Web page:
How exactly do you distinguish "serious pro life Catholics" from the pro life people at Notre Dame and why should anyone take your classification seriously?

Anonymous said...

The folks posing for the cameras are the perfumed princes.

The pro lifers holding signs
in wind, rain, snow, and sleet
when it is 20 degrees outside, those are the REAL pro lifers.

I am not discriminating agasint age, race or state in life.
I just find the flash bulb bob types....... phony.

Ray Schneider said...

Well the March for Life each year gives everyone a chance to stand in the cold and march up to the capitol. The fact that Notre Dame holds its graduations in the Spring shouldn't be the factor that decides that someone is authentically pro-life or not. That is just silly.

Your category of "flash bulb bob" is an example of Bulverism. You ascribe a motive to people on not very good basis, and then dismiss them by dismissing the motive. Pure Bulverism. I think the point that was being made is that faithful Catholic institutions should not honor blatantly pro-abortion politicians, period!

Anonymous said...

It is tough to debate a chemistry denier, but here goes.
Pro life protesting is a good thing. Most that I know, obey the law. It is illegal to deliberately trespass, which is clearly a sin.
But these people decided the flash bulbs were more important than obeying the law or committing sins. In the final analysis, these protestors are setting a bad example for children and working against their cause as they refuse to obey the law. You can call it a pro life protest, I prefer media stunt, which does far more to hurt pro life movement than help it.

Ray Schneider said...

Trespass is a shaky concept on a campus that is celebrating a graduation it seems to me. The right to assembly plays some sort of role and also there is the concept of a hierarchy of good. Trespass is not something that is intrinsically evil. Abortion is intrinsically evil and supporting and enabling those who support evil to do the evil that they do is also evil.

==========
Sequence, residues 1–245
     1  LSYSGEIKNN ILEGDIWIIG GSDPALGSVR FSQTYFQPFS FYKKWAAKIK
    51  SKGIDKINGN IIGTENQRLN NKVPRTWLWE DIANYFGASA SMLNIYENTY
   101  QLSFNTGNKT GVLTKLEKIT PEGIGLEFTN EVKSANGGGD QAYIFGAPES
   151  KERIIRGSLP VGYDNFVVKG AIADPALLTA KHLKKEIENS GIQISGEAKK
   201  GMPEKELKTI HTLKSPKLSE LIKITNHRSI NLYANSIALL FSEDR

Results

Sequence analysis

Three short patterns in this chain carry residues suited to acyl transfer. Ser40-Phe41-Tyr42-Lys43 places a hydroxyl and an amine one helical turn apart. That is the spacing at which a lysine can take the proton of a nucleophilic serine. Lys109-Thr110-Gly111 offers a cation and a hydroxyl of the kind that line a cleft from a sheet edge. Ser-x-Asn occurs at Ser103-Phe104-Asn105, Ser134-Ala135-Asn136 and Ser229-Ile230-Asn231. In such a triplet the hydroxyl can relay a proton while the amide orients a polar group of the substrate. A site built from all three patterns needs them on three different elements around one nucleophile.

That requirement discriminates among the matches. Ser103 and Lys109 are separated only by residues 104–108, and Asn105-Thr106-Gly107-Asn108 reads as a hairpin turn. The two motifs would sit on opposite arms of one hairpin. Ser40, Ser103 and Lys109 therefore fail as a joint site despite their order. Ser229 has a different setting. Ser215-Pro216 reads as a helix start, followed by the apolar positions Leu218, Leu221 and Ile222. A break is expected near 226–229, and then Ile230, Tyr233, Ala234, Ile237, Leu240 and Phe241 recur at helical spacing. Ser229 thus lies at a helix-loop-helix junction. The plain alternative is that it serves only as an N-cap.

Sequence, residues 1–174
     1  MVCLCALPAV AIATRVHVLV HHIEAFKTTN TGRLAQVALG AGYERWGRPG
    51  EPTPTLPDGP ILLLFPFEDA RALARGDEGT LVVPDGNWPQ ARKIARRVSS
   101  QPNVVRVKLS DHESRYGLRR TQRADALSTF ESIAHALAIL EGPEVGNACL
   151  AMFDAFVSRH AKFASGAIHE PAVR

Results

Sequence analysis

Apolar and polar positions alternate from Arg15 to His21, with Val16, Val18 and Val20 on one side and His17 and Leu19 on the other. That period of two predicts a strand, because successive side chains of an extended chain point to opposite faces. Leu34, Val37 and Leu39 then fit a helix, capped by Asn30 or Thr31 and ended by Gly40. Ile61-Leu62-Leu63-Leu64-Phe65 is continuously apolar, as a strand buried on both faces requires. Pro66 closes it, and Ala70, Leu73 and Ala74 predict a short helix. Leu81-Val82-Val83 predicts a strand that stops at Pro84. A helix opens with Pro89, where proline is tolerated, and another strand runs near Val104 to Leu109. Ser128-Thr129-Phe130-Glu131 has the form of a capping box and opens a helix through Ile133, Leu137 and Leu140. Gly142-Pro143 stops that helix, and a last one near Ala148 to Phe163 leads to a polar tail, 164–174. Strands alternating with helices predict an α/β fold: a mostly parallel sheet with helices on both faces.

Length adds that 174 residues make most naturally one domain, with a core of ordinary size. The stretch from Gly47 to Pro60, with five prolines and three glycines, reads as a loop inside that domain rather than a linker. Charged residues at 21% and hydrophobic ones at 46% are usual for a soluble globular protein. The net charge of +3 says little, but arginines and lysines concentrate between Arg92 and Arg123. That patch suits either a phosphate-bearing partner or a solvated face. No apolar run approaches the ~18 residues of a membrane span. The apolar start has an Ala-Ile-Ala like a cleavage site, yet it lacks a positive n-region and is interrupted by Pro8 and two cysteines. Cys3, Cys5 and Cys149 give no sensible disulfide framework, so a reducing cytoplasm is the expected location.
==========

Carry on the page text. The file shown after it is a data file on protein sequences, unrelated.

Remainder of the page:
I think your case is quite weak. BTW, just how much chemistry is it that you think you know? I'm a physicist not a chemist, but I know some chemistry. What is your degree in? BTW I think in legal circles this is called questioning your standing?

Cheers, Ray

Mary Ann Kreitzer said...

With regard to the arrests at Notre Dame, those folks primary intent was education, not arrest. They visited an OPEN CAMPUS that allows all kinds of people to walk around without being accused of trespassing. So how does pushing a stroller with a baby doll covered in fake blood make you a trespasser? They did not like the message. So all the talk about "academic freedom" by these bastions of the first amendment was a huge lie when it came to the right to defend the life of the unborn.

Those who carried pro-Obama signs on graduation day were not arrested, only those who carried pro-life signs. That is a violation of free speech. It is the same thing that prevents a shopping center that is only quasi-private from preventing people from leafletting the cars because they don't like the message.